Home > Weekend Asides > Weekend Aside: Batman and the Outsiders

Weekend Aside: Batman and the Outsiders

November 14, 2009 Leave a comment Go to comments

BATO 01 Cover

Although the hero debuting in the next Justice League, Metamorpho, made his first significant impact at DC by being one of the few heroes to turn down Justice League membership, I first enountered him during a personal favourite series of my formative years: Batman and the Outsiders.

Buy the Showcase collection – all five hundred and twenty two pages of it – from Amazon here.

As we’ve already talked about during the review of its namesake episode, one of DC”s longest-running books of the silver age was the Batman team-up title The Brave and the Bold. However, as the 70s turned into the 80s, merely having Batman guest-star with a new hero every month wasn’t enough anymore. Between the X-Men at Marvel and the New Teen Titans in DC’s own stable (and, shockingly, the Legion of Super-Heroes), team books were selling like mad. As a result, the decision was made to replace the rotating guest-stars of BatB with a regular group of heroes as Batman’s co-stars.

BATO 02 cover

Veteran Batman artist Jim Aparo teamed with writer Mike Barr to come up with the concept for the new team, with Batman tendering his resignation to the JLA and winding up in the midst of a violent uprising in the Eastern European country of Markovia while attempting to rescue Luicius Fox. There, he encountered two veteran heroes, Metamorpho and Black Lightning, as well as a group of new creations – the Japanese swordswoman Katana, the energy wielding (and token hot girl) Halo, and the crown prince of Markovia, Brionn, who in the course of the first storyline is transformed into the geomorph Geo-Force.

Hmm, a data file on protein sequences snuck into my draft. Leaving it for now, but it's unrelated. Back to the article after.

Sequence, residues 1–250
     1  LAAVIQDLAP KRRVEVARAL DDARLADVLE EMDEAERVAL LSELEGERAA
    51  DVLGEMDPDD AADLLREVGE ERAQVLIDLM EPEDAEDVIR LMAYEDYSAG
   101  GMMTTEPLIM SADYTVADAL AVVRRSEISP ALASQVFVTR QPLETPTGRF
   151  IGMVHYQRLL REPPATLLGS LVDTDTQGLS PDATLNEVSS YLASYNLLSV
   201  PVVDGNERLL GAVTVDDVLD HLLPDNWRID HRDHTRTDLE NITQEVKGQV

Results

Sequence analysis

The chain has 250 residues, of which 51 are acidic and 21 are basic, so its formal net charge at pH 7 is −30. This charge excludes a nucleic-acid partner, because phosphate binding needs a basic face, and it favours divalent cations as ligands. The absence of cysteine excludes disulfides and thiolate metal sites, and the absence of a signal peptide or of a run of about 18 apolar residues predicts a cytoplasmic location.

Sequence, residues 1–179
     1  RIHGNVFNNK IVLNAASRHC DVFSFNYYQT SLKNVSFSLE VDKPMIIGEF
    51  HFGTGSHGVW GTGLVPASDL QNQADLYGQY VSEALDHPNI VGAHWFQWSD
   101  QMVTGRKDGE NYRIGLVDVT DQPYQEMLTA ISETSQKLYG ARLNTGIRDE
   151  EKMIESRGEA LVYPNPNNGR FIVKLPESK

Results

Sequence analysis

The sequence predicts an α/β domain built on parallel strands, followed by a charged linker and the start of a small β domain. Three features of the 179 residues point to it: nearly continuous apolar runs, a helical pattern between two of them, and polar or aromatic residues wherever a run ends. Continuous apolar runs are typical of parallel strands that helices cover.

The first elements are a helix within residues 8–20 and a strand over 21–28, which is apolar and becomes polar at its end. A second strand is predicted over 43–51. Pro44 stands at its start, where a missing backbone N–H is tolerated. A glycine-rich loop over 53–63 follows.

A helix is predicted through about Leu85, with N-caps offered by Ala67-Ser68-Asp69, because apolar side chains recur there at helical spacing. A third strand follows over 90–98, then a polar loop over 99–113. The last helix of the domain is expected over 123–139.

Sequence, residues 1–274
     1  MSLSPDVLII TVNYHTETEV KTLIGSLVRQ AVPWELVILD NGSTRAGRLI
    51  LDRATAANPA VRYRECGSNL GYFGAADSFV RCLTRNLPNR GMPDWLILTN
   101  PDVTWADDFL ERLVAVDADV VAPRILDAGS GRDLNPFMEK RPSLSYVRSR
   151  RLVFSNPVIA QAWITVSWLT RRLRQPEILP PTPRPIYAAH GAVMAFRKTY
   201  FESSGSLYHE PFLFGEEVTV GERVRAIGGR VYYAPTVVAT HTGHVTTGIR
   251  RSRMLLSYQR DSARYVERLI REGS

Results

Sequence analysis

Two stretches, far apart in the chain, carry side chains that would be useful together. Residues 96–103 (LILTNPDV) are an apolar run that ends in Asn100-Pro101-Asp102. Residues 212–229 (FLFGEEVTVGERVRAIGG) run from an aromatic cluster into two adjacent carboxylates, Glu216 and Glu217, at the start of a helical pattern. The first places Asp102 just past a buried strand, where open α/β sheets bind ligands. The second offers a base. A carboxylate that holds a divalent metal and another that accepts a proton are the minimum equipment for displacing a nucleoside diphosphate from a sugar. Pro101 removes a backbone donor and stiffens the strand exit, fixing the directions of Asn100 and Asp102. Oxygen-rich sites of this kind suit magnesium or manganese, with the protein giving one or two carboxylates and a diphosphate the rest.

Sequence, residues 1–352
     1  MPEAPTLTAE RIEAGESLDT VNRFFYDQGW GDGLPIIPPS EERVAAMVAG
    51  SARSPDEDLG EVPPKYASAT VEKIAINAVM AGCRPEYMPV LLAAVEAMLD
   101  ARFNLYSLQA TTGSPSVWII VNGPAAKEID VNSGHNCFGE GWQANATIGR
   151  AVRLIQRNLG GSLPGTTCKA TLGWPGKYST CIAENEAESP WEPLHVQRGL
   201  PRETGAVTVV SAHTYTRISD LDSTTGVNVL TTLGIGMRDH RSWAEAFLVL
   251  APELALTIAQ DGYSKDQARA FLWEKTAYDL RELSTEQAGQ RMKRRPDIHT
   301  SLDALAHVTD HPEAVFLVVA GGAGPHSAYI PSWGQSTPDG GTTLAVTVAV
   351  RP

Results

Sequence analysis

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Batman, apparently figuring out that it’s much easier to just drag this group of… Outsiders… back to Gotham than go out on a recruiting mission, introduces them to his “financier” Bruce Wayne and sets them up with a headquarters conveniently located in the penthouse of a Wayne-owned apartment building. After getting this done in about six pages (Aparo and Barr were always extremely efficient in their storytelling), Batman quickly sets to work binding the team together and facing off against, quite frankly, the weirdest collection of Supervillain threats ever assembled.

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The Justice League had Despero and Starro and the hordes of various evil teams. The Teen Titans had Trigon and Deathstroke. The Legion had… well, um, Mordu and the Fatal Five, and they were still a couple of years away from slapping their heads and realising “hey, shouldn’t Darkseid still be alive in the 30th century. But the Outsiders had to go through a string of villains that didn’t show up anywhere else in an attempt to give them their own rogues gallery, which led to the weirdest, most puntastic group of bad guys possible as antagonists. Unfortunately, the best / worst of these I don’t have actual art from, but let’s just say that they’re called the Force of July and feature bad guys like Silent Majority. Personally, I’m thinking that DC is going to resurrect them one of these days and turn them into teaba tea party supporters, but their debut story is in the first Outsiders Annual, which was the test story for the eventual dropping of Batman from the book.